Indian Legends of California and the Southwest

Week 13: Native American Tales - Assignments - Reading - Resources - Images

The Fable of the Animals (Karok, near Klamath River,. Cal.)

Reading time: 3 minutes. Word count: 600 words.

Many of the stories that you will read this week involve the adventures of the great trickster figure, Coyote. In this story, you will find out what happened when Coyote decided to trick the other animals so that Coyote could have more power than all the other animals. The story also makes reference to "Kareya," the creator-god of the Karok people.

A great many hundred snows ago, Kareya, sitting on the Sacred Stool, created the world. First, he made the fishes in the Big Water, then the animals on the green land, and last of all, Man! But at first the animals were all alike in power. No one knew which animals should be food for others, and which should be food for man. Then Kareya ordered them all to meet in one place, that Man might give each his rank and his power.

So the animals all met together one evening, when the sun was set, to wait overnight for the coming of Man on the next morning. Kareya also commanded Man to make bows and arrows, as many as there were animals, and to give the longest one to the animal which was to have the most power, and the shortest to the one which should have least power. So he did, and after nine sleeps his work was ended, and the bows and arrows which he had made were very many.

Now the animals, being all together, went to sleep, so they might be ready to meet Man on the next morning. But Coyote was exceedingly cunning - he was cunning above all the beasts. Coyote wanted the longest bow and the greatest power, so he could have all the other animals for his meat. He decided to stay awake all night, so that he would be first to meet Man in the morning. So he laughed to himself and stretched his nose out on his paw and pretended to sleep. About midnight he began to be sleepy. He had to walk around the camp and scratch his eyes to keep them open. He grew more sleepy, so that he had to skip and jump about to keep awake. But he made so much noise, he awakened some of the other animals. When the morning star came up, he was too sleepy to keep his eyes open any longer. So he took two little sticks, and sharpened them at the ends, and propped open his eyelids. Then he felt safe. He watched the morning star, with his nose stretched along his paws, and fell asleep. The sharp sticks pinned his eyelids fast together.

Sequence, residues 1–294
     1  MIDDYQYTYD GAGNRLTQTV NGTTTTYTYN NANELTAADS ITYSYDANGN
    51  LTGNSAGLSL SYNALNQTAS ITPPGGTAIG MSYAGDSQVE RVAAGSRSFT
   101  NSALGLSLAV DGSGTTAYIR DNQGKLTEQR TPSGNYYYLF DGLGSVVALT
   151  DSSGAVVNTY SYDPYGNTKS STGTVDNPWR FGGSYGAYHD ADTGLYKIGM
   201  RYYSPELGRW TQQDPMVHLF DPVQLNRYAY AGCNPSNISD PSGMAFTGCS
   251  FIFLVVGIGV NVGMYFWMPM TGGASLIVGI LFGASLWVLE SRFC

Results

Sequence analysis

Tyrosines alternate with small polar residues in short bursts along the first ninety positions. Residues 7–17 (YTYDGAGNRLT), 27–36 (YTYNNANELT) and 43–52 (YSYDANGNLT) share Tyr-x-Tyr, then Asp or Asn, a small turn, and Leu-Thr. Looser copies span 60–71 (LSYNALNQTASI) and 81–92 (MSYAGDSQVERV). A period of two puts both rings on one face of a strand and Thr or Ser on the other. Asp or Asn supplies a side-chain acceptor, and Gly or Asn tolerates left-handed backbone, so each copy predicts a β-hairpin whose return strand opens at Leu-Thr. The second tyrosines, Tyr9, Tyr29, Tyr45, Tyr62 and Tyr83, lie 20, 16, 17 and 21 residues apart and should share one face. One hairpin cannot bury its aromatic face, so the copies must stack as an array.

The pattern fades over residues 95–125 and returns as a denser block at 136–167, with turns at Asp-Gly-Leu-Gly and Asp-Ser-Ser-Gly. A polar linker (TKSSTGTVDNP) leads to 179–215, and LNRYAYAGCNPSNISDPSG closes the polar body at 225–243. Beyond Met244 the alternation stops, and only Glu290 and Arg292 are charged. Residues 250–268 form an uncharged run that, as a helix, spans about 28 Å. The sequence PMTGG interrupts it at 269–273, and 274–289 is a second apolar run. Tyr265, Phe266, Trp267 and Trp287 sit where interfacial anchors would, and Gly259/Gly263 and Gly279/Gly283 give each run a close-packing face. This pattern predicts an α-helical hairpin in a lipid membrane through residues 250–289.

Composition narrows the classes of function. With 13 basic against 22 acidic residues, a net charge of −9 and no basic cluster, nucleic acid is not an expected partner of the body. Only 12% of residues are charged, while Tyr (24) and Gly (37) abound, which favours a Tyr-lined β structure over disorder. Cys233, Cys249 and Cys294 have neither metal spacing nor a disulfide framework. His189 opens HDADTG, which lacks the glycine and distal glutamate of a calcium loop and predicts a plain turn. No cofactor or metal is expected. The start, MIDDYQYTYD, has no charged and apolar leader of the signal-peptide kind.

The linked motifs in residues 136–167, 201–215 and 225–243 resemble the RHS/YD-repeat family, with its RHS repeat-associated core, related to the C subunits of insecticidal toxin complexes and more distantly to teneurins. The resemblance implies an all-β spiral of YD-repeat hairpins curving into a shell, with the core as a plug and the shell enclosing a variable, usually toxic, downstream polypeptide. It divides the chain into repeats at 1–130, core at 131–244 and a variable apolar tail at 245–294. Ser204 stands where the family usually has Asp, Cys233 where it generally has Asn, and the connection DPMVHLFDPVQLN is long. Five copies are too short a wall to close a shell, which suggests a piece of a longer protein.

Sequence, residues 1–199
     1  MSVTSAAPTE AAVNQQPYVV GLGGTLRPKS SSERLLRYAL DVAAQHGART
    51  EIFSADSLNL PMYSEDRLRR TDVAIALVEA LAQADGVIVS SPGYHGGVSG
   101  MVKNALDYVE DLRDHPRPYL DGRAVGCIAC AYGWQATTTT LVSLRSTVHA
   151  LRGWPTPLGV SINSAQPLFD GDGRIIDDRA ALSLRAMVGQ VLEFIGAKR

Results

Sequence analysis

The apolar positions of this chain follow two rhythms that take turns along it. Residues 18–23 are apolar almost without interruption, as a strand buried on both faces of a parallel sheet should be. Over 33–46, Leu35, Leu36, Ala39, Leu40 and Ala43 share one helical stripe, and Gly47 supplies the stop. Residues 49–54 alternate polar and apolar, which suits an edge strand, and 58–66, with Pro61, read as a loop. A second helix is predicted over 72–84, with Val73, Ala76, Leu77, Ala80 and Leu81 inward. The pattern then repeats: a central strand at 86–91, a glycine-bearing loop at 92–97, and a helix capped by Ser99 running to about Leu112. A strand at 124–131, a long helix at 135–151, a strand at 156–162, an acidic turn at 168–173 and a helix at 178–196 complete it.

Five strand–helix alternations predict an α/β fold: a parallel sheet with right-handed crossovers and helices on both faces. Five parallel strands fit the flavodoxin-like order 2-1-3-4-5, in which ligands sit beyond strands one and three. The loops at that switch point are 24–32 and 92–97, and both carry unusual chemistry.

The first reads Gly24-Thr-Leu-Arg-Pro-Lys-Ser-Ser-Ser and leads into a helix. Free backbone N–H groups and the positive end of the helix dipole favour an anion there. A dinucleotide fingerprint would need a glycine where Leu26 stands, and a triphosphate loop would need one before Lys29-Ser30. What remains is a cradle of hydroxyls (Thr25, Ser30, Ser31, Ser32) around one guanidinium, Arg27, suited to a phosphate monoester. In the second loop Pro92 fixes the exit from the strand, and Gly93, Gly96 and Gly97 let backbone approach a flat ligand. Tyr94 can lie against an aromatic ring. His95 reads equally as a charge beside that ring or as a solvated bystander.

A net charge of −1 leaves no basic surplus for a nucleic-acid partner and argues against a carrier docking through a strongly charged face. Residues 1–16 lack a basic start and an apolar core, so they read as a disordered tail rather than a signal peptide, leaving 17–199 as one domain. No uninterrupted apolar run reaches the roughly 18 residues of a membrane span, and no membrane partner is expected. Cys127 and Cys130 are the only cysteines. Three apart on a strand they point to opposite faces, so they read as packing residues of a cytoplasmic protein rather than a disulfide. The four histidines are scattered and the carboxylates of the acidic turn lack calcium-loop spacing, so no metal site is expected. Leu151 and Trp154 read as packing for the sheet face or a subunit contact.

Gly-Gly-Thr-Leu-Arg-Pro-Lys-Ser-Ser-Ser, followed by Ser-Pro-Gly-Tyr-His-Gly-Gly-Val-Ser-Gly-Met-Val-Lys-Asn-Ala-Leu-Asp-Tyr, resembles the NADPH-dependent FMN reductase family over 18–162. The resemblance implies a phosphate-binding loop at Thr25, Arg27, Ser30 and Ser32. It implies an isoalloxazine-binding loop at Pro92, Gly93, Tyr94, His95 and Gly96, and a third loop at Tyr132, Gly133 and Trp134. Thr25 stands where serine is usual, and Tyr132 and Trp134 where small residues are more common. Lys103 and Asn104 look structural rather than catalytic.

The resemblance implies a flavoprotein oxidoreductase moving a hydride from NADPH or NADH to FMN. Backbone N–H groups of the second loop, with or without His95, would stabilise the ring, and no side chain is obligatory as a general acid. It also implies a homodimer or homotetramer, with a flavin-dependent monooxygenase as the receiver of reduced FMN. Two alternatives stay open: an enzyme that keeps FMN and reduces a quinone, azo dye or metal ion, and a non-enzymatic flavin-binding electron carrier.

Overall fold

The morning star rose rapidly into the sky. The birds began to sing. The animals woke up and stretched themselves, but still Coyote lay fast asleep. When the sun rose, the animals went to meet Man. He gave the longest bow to Cougar, so he had greatest power; the second longest he gave to Bear; others he gave to the other animals, giving all but the last to Frog. But the shortest one was left. Man cried out, "What animal have I missed?" Then the animals began to look about and found Coyote fast asleep, with his eyelids pinned together. All the animals began to laugh, and they jumped upon Coyote and danced upon him. Then they led him to Man, still blinded, and Man pulled out the sharp sticks and gave him the shortest bow of all. It would hardly shoot an arrow farther than a foot. All the animals laughed.

But Man took pity on Coyote, because he was now weaker even than Frog. So at his request, Kareya gave him cunning, ten times more than before, so that he was cunning above all the animals of the wood. Therefore Coyote was friendly to Man and his children, and did many things for them.

Questions. Make sure you can answer these questions about what you just read:

  • how was Man going to give power to the different animals?
  • how did Coyote try to become the animal with the most power?
  • what did Man do for Coyote when he ended up with the least power?

Source: Myths and Legends of California and the Old Southwest. Compiled and Edited by Katharine Berry Judson. Chicago: A.C. McClurg & Co., 1912. Weblink.

Modern Languages / Anthropology 3043: Folklore & Mythology. Laura Gibbs, Ph.D. This work is licensed under a Creative Commons License. You must give the original author credit. You may not use this work for commercial purposes. If you alter, transform, or build upon this work, you may distribute the resulting work only under a license identical to this one.
Page last updated: October 9, 2004 12:52 PM